3.1. Configuring a Windows 95, 98 or Me Workstation as a WINS Proxy Agent

  • Firstly, configure the computer for WINS operation in accordance with the Windows 95/98/Me instructions above.
  • Copy the user.dat and system.dat registry files to a floppy disk in case you need to restore them later. NB: These files can usually be found in your Windows directory (C:\windows); however the hidden and system file attributes may need removing before you can see them.
  • Run the registry editor regedit and navigate to the registry key HKEY_LOCAL_MACHINE\SYSTEM\CurrentControlSet\Services\VxD\MSTCP
  • Add a new value of type String called EnableProxy and set its value to 1.
  • Exit the registry editor and restart the computer for your changes to take effect.

NOTE: You can verify your Windows 95/98/Me proxy status by entering winipcfg /allinto the d box from the Start menu to produce the IP Configuration dialogue box. You should be able to see a tick against WINS Proxy Enabled.

Winipcfg output showing WINS Proxy enabled

3.2. Configuring a Windows NT 4.0, Windows 2000 or Windows XP Computer as a WINS Proxy Agent

NOTE: You can verify your Windows NT/2000/XP proxy status by starting a DOS prompt and then running the command ipconfig /all. You should see that WINS Proxy Enabled is set to Yes.

3.3. Configuring a Samba Server as a WINS Proxy Agent

  • First configure the computer for WINS operation in accordance with the Samba instructions above.
  • In the smb.conf file add the setting wins proxy = yes and restart the smb daemon.

4. Protecting or Registering Server Names using Static Mappings

It is possible to enter NetBIOS name to IP address mappings manually into the WINS database and these entries are known as static mappings, and can be used to protect the names of critical servers. Microsoft do not generally advocate the use of static mappings except for servers that cannot register their own NetBIOS names into the WINS database and servers named in accordance with the naming standards should not need be entered as static mappings. However, if you have older servers that are not named in accordance with the naming standards, these can be entered into the WINS database as static mappings to protect their names.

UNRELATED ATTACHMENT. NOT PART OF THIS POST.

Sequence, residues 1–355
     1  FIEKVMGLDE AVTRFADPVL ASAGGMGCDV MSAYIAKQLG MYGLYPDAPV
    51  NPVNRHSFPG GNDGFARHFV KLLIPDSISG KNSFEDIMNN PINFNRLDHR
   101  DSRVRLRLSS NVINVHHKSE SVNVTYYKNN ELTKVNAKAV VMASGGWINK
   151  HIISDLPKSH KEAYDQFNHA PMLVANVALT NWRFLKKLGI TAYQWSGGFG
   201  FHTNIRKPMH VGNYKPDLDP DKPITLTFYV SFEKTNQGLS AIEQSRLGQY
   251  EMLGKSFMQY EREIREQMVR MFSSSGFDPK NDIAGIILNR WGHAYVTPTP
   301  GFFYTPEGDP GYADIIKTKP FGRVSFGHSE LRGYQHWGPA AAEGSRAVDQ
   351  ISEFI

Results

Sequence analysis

In addition, if you operate your own WINS servers, but have external workstations that use the central WINS servers that need to be able to locate your servers, these server names can also be entered as static mappings into the central WINS databases. Doing so should allow external workstations using the central WINS servers to locate your servers without needing entries in their LMHOSTS files.

Static mappings can be made for server names, domain names, and Samba server NetBIOS names; be aware however that NT and 2000 workstations that are members of a domain really need to use the WINS servers that the domain controller uses, since they need an entry that is only registered by the primary domain controller and cannot be entered using a static mapping. This problem does not affect workstations accessing shares on the domain controller; it is only a problem for workstations that are actually members of the domain.

Please e-mail any static mappings required to winsmaster. You can include details of domain names as well as servers and you need to include the following information.

  • Whether the entry is unique (for a server name), multihomed (for a server with more than one IP address) or a domain.
  • For a unique or multihomed entry, give the IP address(es) and NetBIOS (or computer) name of the server. Note that this is not the same as its DNS name.
  • For a domain entry, give the IP address of the primary domain controller (NT) or first domain controller (2000) and the domain name.